# Happy PI day

[This article was first published on

Want to share your content on R-bloggers? click here if you have a blog, or here if you don't.

I have never done a post for PI day. This year I want to do so.**Wiekvoet**, and kindly contributed to R-bloggers]. (You can report issue about the content on this page here)Want to share your content on R-bloggers? click here if you have a blog, or here if you don't.

So, we all know the simple estimation of PI based on random numbers. The code used here is chosen for speed in R.

pi2d <- function(N=1000) {

4*sum(rowSums(matrix(runif(N*2)^2,ncol=2))<1)/N

}

What irritates me, is the low efficiency of this estimate. What do you get for 10 000 simulations? Probably, but not even certain, the first two digits.

summary(sapply(1:1000,function(x) pi2d(10000)))

Min. 1st Qu. Median Mean 3rd Qu. Max.

3.080 3.130 3.141 3.141 3.153 3.189

In the past years I have been thinking how to get that more efficient, but that is not obvious. For instance, it is possible to use the three dimensional equivalent, a ball:

pi3d <- function(N=1000) {

6*sum(rowSums(matrix(runif(N*3)^2,ncol=3))<1)/N

}

}

summary(sapply(1:1000,function(x) pi3d(10000)))

Min. 1st Qu. Median Mean 3rd Qu. Max.

Min. 1st Qu. Median Mean 3rd Qu. Max.

3.052 3.121 3.140 3.142 3.161 3.243

At some point I thought this is due to the limited information in such a calculation, it is binomial and one simulation gives one bit of information. And it could be more simple. If the first random number is known, say

*y*, then all second random numbers over sqrt(1-

*y*

^{2}) give distance larger than 1, while the remainder gives distance less than 1. Thus should pi be equal to the mean of random numbers transformed like sqrt(1-

*y*

^{2})?

pin <- function(N=1000) {

4*sum(sqrt(1-runif(N)^2))/N

}

summary(sapply(1:1000,function(x) pin(10000)))

Min. 1st Qu. Median Mean 3rd Qu. Max.

3.113 3.135 3.142 3.141 3.147 3.171

These numbers are closer, but there are additional calculations. Hence the number of simulations should be adapted to reflect the work done. Luckily we have microbenchmark() to calibrate this. After a bit of experimenting, these are the number of simulations giving roughly equivalent computation times.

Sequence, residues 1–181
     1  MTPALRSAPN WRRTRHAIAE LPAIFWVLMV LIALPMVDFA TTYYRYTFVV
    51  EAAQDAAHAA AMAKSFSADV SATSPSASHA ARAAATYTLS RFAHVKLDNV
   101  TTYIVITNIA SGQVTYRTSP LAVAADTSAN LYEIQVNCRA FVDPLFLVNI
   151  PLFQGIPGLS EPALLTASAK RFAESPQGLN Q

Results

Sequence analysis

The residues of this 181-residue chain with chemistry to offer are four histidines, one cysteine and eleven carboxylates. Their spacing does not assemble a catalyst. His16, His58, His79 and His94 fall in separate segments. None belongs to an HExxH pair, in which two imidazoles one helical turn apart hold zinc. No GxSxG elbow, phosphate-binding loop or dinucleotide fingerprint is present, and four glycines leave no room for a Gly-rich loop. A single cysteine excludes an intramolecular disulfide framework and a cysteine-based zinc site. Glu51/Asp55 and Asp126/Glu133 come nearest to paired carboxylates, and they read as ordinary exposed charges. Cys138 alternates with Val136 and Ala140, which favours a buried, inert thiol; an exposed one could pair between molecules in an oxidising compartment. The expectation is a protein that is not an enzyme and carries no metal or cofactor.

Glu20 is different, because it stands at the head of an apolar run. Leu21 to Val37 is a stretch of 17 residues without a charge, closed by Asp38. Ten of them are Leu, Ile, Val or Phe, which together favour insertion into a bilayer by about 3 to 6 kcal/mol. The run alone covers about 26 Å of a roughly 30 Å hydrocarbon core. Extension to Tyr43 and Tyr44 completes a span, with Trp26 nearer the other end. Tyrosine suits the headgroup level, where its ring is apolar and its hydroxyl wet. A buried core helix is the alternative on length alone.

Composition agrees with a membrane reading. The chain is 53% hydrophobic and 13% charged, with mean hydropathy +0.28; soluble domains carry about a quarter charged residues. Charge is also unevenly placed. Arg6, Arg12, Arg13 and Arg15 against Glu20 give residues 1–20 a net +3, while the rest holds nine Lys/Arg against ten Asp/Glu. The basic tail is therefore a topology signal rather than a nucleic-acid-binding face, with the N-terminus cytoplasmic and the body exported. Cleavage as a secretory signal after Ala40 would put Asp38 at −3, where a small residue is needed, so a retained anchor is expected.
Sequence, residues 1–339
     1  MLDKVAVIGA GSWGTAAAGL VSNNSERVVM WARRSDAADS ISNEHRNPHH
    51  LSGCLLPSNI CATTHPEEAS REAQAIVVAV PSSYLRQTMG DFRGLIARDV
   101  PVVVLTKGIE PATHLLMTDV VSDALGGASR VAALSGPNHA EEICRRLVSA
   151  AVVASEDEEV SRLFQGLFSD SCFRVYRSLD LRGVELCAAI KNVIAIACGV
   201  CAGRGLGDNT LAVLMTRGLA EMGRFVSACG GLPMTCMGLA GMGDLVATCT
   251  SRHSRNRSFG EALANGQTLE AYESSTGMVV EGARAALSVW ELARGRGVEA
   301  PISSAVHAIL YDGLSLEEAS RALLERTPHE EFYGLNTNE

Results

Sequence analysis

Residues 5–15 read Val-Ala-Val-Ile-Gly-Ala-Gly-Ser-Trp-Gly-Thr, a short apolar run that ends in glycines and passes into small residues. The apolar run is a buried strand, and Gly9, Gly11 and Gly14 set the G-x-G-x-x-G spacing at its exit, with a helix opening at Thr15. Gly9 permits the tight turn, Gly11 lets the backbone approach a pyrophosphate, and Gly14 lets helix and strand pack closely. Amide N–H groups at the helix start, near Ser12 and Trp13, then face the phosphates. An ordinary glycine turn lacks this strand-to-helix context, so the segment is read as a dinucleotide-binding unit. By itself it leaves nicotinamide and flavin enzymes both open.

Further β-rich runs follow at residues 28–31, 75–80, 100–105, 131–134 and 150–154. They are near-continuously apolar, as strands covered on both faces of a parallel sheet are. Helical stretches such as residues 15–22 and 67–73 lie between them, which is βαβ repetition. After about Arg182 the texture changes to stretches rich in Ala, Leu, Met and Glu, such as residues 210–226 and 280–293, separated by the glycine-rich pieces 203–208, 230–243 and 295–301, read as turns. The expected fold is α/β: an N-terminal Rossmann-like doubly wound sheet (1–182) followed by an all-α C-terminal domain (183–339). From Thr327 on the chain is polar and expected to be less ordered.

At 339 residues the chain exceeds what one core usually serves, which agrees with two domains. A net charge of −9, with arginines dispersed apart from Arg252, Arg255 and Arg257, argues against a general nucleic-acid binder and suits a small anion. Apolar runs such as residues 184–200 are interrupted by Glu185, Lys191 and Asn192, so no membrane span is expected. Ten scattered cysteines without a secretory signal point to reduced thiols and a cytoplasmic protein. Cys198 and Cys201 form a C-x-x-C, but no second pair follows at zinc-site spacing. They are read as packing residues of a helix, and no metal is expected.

microbenchmark(pi2d(10000),pi3d(6666),pin(22000))

Unit: milliseconds

expr min lq mean median uq max neval

pi2d(10000) 2.419106 2.436333 2.630764 2.458325 2.500477 5.253860 100

pi3d(6666) 2.361928 2.382820 2.557150 2.418006 2.467855 4.970898 100

pin(22000) 2.448429 2.468954 2.555823 2.485815 2.517703 5.023678 100

summary(sapply(1:100,function(x) pi2d(10000)))

Min. 1st Qu. Median Mean 3rd Qu. Max.

3.111 3.132 3.141 3.142 3.152 3.175

summary(sapply(1:100,function(x) pi3d(6666)))

Min. 1st Qu. Median Mean 3rd Qu. Max.

3.046 3.116 3.142 3.139 3.165 3.230

summary(sapply(1:100,function(x) pin(22000)))

Min. 1st Qu. Median Mean 3rd Qu. Max.

3.130 3.137 3.141 3.142 3.146 3.161

It could obviously be thought that the random numbers are not needed. An integration can be done. But that is much less fun.Min. 1st Qu. Median Mean 3rd Qu. Max.

3.111 3.132 3.141 3.142 3.152 3.175

summary(sapply(1:100,function(x) pi3d(6666)))

Min. 1st Qu. Median Mean 3rd Qu. Max.

3.046 3.116 3.142 3.139 3.165 3.230

summary(sapply(1:100,function(x) pin(22000)))

Min. 1st Qu. Median Mean 3rd Qu. Max.

3.130 3.137 3.141 3.142 3.146 3.161

integrate(function(x) 4*sqrt(1-x^2),0,1)

3.141593 with absolute error < 0.00016

To

**leave a comment**for the author, please follow the link and comment on their blog:**Wiekvoet**.R-bloggers.com offers

**daily e-mail updates**about R news and tutorials about learning R and many other topics. Click here if you're looking to post or find an R/data-science job.

Want to share your content on R-bloggers? click here if you have a blog, or here if you don't.